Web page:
30 January 1972: Bloody Sunday – British soldiers shot 26 people taking part in a Civil Rights March in Derry City. 13 were killed that day and another man died of his wounds. Widespread condemnation followed throughout Ireland and abroad. The British Army claimed that its soldiers had fired at identifiable gunmen and bombers. The participants and survivors of the March and many independent witnesses refuted this.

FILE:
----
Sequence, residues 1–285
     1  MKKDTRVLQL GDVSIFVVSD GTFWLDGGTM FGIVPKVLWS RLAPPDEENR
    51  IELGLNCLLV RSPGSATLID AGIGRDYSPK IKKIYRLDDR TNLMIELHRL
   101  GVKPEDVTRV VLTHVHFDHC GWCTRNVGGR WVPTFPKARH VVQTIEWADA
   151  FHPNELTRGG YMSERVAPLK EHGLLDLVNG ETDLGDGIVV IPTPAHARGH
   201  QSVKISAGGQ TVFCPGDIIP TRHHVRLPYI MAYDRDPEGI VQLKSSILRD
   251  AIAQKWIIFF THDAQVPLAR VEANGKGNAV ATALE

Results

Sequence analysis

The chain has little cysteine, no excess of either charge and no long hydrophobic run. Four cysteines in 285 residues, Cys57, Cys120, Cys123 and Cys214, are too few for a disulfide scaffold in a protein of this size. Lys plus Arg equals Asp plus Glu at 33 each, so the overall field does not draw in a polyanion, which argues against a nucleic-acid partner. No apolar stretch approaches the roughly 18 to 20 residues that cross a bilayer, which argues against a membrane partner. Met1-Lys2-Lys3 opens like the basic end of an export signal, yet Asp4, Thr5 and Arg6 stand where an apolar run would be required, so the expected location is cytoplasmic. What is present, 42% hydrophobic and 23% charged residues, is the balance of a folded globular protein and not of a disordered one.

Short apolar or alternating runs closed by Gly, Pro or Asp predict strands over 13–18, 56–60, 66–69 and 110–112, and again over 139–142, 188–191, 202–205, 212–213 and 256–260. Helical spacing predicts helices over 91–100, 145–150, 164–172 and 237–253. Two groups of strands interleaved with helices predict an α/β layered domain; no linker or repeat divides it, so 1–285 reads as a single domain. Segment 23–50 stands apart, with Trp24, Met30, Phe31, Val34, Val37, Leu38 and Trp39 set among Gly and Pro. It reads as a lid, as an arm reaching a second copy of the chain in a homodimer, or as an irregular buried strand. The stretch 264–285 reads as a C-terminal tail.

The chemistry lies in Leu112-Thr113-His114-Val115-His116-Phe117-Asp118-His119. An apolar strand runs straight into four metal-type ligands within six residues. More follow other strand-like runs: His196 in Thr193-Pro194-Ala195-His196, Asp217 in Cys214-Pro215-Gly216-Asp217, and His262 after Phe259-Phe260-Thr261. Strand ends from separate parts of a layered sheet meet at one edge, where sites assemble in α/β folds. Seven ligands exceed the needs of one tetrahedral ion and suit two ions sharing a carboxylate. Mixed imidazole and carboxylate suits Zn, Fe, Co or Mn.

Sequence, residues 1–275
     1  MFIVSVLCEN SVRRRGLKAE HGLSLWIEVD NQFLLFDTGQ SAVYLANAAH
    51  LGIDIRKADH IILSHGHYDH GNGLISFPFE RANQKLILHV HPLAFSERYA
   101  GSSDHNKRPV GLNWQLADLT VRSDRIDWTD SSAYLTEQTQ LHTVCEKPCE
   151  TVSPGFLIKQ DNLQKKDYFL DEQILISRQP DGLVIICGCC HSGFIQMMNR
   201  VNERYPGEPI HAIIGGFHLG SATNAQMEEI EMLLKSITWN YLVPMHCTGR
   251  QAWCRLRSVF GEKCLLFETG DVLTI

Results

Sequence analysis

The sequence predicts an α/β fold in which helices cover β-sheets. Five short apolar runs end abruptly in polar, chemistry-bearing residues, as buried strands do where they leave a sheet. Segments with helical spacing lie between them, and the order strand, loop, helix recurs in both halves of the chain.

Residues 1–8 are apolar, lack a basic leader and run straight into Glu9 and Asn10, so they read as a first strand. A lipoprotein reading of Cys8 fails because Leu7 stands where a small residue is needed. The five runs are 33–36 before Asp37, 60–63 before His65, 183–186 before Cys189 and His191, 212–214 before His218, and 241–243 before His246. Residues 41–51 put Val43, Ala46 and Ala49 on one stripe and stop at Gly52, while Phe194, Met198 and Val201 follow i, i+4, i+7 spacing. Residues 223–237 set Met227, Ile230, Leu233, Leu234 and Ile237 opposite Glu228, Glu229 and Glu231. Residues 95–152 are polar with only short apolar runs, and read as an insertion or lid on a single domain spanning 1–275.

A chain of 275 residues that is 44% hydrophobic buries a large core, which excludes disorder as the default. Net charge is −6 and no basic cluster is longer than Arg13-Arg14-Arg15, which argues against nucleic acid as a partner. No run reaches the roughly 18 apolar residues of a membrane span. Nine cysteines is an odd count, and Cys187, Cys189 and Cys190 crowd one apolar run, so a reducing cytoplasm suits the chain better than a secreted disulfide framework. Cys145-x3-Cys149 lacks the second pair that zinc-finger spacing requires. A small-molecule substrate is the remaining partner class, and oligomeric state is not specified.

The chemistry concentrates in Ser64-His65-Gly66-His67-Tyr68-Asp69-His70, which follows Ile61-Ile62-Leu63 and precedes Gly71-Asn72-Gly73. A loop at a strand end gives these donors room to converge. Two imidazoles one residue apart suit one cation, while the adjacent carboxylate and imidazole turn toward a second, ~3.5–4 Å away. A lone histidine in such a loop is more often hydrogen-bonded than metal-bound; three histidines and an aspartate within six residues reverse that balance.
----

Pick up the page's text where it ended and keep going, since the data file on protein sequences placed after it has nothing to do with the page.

The shootings took place as a major Civil Rights March was coming to an end. Sporadic rioting had broken out involving some hundreds of youths and members of the British Army. These developments were not unexpected and not seen as out of the ordinary at the time. Then for some reason never satisfactorily explained members of the 1st Battalion, the Parachute Regiment who were deployed in the City that day opened indiscriminate fire on rioters and innocent bystanders alike, shooting many people and arresting many more. At the time panic and fear were quickly replaced by anger and grief. These gruesome events were a watershed for many Irish People and undermined any conception that the British were neutral in the North of Ireland.